Are We Experiencing a Correction or the Start of a Bear Market?


BearBullJanuary 14, 2016

Which is it? If you listen to many of the “experts” who expect the market to drop, they project a decline of anywhere from 40% to as much as 80%. There are other experts who believe the market will consolidate and end up 8% to 10% for the year. We are in the market consolidation camp. To explain why, let’s put things in their proper perspective.

1) We have just participated in the best bull market ever. From the lows of 2009 to the high in October 2015 the S&P 500 advanced almost 200% or 17% per year. It recorded these gains with only one significant pullback which occurred in 2011. It is unusual for the market to perform for such a long period in this manner without consolidation or corrections along the way. While market corrections are defined by 10% to 15% declines, this correction could be greater due to the exceptional advances over the past six years. A correction of this magnitude would not be unusual.

2) Market declines of 30% or greater are always accompanied by an economic recession. While the economy is growing slower than previous recoveries, most economists are not projecting a recession.

3) Some say that interest rates will rise due to the Fed’s tightening. So far, after the first round of tightening, interest rates are lower. As we have said in previous letters, we do not believe interest rates will rise in the near-term.

4) What about all of the problems we are seeing? Should we be concerned about the effect on the U. S. economy of international issues such as China’s economic slowdown, the oil price decline, tension in the Middle East, ISIS on the march, and North Korea’s nuclear test? There are always international issues of one kind or another. The U. S. economy and the stock market have been through problem times more severe than these and have come through them and gone on to new highs. Historically, betting against the U. S. economy has not been a winning strategy.

5) Where can you invest your money? Your choices have always been stocks, bonds, or cash. In the current environment, bonds pay almost nothing (10 year U. S Treasuries yield 2.11%), cash yields zero percent and the stock market (S&P 500) yields 2.5%. Today, stocks yield more than quality bonds.

6) In the period from December 31, 1980 to December 31, 2015 the annualized return for the S&P 500 was 10.95%, which demonstrates the long-term viability of the U. S. stock market.

7) From the peak of the market in April 2000 to December 2015, the market advanced 5.65%. This is not an impressive number by itself until you realize this was also a period that experienced two severe market downturns of over 50% each (the crisis and the financial crisis).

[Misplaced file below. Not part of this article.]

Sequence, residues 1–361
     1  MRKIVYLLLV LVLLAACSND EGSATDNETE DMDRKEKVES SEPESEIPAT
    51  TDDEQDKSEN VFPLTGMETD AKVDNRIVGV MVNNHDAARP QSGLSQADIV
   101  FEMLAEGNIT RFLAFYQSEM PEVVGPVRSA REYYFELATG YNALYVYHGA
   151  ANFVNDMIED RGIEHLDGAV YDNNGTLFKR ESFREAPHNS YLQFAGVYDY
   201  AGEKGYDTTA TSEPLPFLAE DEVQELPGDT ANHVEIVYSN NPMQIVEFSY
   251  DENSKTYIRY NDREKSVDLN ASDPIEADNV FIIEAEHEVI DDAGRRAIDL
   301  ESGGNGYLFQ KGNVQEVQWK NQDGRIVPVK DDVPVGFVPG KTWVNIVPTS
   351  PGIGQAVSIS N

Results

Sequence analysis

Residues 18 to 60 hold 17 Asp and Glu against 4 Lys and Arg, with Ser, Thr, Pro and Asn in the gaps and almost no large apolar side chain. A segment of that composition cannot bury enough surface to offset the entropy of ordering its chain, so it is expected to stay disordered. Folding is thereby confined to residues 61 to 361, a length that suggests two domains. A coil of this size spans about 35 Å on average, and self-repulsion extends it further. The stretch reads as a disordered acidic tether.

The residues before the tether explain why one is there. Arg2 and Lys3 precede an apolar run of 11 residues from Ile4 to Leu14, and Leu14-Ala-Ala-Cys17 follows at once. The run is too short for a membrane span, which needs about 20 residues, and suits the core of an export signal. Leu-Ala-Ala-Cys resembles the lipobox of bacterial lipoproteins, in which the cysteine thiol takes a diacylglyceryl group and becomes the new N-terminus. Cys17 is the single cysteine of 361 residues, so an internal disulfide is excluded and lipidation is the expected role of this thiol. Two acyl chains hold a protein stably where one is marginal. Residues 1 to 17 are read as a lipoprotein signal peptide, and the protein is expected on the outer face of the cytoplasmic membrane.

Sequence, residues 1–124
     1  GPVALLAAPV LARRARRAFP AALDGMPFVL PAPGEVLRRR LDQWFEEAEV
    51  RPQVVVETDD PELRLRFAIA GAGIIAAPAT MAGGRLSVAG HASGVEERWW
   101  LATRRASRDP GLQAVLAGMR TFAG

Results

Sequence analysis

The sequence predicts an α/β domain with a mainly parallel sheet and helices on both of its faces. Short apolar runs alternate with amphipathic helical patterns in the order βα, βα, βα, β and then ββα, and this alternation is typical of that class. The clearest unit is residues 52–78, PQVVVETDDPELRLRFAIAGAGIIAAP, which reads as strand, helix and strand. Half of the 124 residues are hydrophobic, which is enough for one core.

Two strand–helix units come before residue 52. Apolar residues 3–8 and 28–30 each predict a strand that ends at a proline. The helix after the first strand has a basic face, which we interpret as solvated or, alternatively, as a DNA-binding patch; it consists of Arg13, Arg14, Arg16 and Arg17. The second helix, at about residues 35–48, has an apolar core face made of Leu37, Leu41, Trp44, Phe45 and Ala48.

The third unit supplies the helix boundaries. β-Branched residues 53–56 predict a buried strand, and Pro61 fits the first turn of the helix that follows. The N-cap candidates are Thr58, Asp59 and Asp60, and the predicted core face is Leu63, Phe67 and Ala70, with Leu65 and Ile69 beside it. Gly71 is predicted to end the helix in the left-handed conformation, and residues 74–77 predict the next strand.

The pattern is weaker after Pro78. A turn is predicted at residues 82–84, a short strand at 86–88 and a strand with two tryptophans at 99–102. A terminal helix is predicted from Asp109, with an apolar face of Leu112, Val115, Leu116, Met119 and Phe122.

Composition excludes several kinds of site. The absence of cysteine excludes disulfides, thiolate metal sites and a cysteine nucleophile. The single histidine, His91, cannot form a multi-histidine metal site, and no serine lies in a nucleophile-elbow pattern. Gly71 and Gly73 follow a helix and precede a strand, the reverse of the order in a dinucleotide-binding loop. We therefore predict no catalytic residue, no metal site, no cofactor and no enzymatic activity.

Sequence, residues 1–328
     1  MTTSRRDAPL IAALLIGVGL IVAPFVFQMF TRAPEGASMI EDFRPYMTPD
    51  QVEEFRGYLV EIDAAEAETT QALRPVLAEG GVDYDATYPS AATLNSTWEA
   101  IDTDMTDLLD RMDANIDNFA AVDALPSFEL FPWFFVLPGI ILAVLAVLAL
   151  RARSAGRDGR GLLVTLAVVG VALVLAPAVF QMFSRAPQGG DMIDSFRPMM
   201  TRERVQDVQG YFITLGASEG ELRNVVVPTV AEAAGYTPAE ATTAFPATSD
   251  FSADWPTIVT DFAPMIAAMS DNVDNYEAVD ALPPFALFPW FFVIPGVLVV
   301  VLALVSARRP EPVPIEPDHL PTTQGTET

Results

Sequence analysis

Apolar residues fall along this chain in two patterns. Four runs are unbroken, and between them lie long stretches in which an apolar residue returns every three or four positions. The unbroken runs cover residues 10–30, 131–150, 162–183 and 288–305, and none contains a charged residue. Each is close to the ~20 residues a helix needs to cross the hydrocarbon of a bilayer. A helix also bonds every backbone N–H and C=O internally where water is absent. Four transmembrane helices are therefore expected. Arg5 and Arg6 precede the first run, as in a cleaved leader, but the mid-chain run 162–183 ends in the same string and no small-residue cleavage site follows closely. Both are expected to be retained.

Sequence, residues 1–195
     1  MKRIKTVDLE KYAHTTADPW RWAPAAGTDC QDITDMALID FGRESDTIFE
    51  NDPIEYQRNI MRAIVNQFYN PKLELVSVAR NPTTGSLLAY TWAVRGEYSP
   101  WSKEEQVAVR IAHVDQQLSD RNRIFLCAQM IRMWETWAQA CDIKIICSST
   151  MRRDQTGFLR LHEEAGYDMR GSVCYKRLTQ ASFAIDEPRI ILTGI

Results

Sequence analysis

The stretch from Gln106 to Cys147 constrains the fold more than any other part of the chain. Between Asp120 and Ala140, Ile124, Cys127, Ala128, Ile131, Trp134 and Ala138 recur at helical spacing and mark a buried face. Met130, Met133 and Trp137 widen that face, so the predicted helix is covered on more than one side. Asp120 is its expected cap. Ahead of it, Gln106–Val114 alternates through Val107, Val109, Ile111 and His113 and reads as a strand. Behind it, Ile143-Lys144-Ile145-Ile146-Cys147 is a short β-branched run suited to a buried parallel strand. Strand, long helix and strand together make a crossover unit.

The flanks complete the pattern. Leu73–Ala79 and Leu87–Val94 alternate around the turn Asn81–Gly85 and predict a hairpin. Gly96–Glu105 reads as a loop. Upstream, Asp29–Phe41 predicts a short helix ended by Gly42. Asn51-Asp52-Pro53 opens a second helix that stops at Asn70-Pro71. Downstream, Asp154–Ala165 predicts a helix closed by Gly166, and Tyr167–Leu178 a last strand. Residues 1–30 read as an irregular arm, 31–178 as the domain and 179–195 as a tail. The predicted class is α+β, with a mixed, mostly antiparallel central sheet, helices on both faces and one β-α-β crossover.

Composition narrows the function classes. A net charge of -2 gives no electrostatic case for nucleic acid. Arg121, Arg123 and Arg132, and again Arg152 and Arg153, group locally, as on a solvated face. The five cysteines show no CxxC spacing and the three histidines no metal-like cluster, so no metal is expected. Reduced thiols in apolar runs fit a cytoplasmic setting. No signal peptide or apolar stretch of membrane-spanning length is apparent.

8) As much as we would like the market to go up a smooth 7% to 11% each and every year, that is not the case. If that were the case, we would not need to own bonds or have a savings account. We could simply invest in the stock market and sell whenever we needed cash. Unfortunately, investing doesn’t work that way. In order to earn the higher returns from stocks we must absorb and weather the market volatility.

9) History has shown that patient investors, those who don’t have a knee-jerk reaction to every volatile period in the market, have more success than those who do.

10) Bottom line:  We believe this market is going through a correction and consolidation phase that may have more downside but not enough to make any drastic changes in your asset allocation. Remember, dividends are an important component of your portfolio. While the market may fluctuate, corporate dividends tend to go up the majority of time.

While we know it is discomforting for you to see your portfolio fluctuate, it is our job to see that our clients do not panic and react to every sharp move up or down. Believe me, financial advisors have many sleepless nights when we have these volatile markets. After many years in this profession I know there are things we can control in our business and things we just cannot. We cannot control the economy or the stock market, so we turn our attentions to the things we can manage. If the market declines further we will be presented with an opportunity to buy some great companies with solid dividends and dividend growth at bargain prices.

Morley Goldberg
Adam Goldberg



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